On January 21, I was delighted to host a panel discussion and presentation entitled at the Walt Disney Family Museum in San Francisco. In the last episode of Samland, I began to summarize the event to the best of my knowledge in Part One of this Mineral King series.

From Slope to Nope.

The October deadline for a decision passed. Then, on December 17, 1965, the announcement came. The Disney team was selected. The terms would be a 30-year lease for 80-acres and an additional year-to-year lease for 300-acres. Disney would be granted a 3-year development agreement while the funding for the road improvements would be pursued.

The Disney proposal was huge compared to the original program proposed by the US Forest Service. The budget was $25 million. What is more remarkable is that they were not the most expensive proposal. One bid came in at over $40 million.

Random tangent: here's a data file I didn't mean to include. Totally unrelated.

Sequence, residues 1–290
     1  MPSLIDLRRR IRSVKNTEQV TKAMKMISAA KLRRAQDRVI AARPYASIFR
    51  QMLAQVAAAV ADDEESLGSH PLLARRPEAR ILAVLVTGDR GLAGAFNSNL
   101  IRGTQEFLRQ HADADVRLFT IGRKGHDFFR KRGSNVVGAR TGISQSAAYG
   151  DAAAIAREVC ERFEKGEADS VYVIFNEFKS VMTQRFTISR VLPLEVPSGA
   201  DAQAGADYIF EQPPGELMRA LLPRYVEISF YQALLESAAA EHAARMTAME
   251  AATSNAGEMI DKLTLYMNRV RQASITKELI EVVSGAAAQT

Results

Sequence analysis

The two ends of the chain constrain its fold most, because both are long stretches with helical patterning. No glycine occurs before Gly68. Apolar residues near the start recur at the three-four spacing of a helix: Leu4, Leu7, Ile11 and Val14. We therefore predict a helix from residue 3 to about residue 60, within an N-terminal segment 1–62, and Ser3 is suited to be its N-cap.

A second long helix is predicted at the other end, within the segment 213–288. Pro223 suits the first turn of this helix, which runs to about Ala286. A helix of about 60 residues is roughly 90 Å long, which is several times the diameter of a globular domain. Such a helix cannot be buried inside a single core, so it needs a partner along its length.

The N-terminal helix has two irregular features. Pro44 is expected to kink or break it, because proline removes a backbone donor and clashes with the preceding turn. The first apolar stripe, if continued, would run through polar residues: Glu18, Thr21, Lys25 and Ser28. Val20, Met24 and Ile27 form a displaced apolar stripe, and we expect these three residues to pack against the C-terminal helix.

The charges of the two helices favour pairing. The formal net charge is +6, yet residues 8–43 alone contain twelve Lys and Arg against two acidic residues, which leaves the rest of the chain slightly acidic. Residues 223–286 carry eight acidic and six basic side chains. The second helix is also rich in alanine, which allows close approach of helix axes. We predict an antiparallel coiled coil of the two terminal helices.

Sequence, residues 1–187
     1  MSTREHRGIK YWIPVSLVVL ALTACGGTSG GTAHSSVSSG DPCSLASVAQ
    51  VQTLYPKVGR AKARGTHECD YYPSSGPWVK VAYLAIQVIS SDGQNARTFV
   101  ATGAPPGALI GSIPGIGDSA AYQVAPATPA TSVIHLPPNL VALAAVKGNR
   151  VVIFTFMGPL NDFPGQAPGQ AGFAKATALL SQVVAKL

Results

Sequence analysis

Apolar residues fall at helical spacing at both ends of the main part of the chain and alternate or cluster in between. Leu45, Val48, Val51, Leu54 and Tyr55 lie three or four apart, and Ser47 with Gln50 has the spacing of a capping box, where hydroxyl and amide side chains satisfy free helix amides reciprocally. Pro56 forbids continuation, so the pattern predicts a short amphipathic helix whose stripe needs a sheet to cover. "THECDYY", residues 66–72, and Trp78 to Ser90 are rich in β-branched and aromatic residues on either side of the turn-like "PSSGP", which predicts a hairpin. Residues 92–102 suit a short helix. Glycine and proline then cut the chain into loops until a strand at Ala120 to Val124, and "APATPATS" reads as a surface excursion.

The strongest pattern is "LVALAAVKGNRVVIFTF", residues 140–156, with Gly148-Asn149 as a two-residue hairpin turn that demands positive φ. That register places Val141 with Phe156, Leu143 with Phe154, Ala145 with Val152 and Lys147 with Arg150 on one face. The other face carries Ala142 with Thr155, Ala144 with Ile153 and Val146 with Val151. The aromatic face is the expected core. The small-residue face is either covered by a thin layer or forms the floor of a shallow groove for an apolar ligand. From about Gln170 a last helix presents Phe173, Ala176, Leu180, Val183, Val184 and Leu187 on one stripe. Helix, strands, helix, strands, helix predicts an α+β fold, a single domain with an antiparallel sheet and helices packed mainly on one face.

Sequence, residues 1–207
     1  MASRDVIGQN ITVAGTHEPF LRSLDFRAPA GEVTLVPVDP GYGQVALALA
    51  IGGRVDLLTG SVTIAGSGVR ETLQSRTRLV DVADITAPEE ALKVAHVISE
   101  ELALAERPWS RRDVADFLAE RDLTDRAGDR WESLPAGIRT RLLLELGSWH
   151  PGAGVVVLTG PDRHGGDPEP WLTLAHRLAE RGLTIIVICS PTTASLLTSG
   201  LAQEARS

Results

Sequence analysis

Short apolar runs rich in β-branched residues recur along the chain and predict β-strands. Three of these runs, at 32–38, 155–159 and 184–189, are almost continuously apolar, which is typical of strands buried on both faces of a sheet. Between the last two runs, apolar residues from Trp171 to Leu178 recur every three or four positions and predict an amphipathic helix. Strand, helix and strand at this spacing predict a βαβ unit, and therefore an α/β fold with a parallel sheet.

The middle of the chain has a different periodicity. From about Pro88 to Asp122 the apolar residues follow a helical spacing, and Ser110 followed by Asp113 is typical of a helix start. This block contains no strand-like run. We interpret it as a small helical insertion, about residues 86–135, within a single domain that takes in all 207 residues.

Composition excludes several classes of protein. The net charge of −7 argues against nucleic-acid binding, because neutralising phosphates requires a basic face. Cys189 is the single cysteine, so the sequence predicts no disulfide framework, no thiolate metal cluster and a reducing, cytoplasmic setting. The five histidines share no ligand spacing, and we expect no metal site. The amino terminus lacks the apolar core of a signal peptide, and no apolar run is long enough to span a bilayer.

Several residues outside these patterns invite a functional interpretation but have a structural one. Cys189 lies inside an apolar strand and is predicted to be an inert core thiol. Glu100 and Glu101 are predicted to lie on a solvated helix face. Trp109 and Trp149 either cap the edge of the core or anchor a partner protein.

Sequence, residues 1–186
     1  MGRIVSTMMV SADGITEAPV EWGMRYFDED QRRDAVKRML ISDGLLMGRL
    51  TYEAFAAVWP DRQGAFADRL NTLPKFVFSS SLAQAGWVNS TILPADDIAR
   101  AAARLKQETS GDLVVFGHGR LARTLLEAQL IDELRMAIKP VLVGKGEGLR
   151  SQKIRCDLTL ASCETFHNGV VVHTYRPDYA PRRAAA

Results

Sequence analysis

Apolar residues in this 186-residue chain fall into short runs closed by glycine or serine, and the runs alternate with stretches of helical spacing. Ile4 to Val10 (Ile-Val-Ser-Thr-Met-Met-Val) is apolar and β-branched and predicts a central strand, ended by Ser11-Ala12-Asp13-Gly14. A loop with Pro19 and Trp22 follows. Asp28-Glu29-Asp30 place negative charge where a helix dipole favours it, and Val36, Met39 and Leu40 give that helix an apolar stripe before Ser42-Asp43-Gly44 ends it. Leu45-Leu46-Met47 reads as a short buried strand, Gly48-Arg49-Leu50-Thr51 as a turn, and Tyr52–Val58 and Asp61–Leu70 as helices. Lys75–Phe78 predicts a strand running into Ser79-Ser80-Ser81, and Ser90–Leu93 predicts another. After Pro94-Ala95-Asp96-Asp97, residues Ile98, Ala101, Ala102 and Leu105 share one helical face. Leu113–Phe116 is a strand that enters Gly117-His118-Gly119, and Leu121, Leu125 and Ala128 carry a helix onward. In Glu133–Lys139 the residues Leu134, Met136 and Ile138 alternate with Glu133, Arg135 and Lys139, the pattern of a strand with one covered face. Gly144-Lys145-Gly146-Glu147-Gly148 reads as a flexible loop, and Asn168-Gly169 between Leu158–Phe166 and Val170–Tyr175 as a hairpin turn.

The Country Bear Jamboree by Disney Legend Marc Davis. Another innovation was a very high speed, high capacity ski lift designed by another Disney Legend, Bob Gurr. The concept was so appealing that Disney had the system patented and created a business unit and sent Gurr out to find buyers.

The Disney News

Then came setbacks. The winter of 1968-1969 was the snowiest on record. At one point there was twenty feet of snow on the valley floor. One member of the Disney surveying crew, Randy Kletka, was buried in an avalanche and killed. In June 1969, the Sierra Club successfully sued to stop the project in District Court and Judge William Sweigert imposed an injunction.

I previously covered the court case in some detail in
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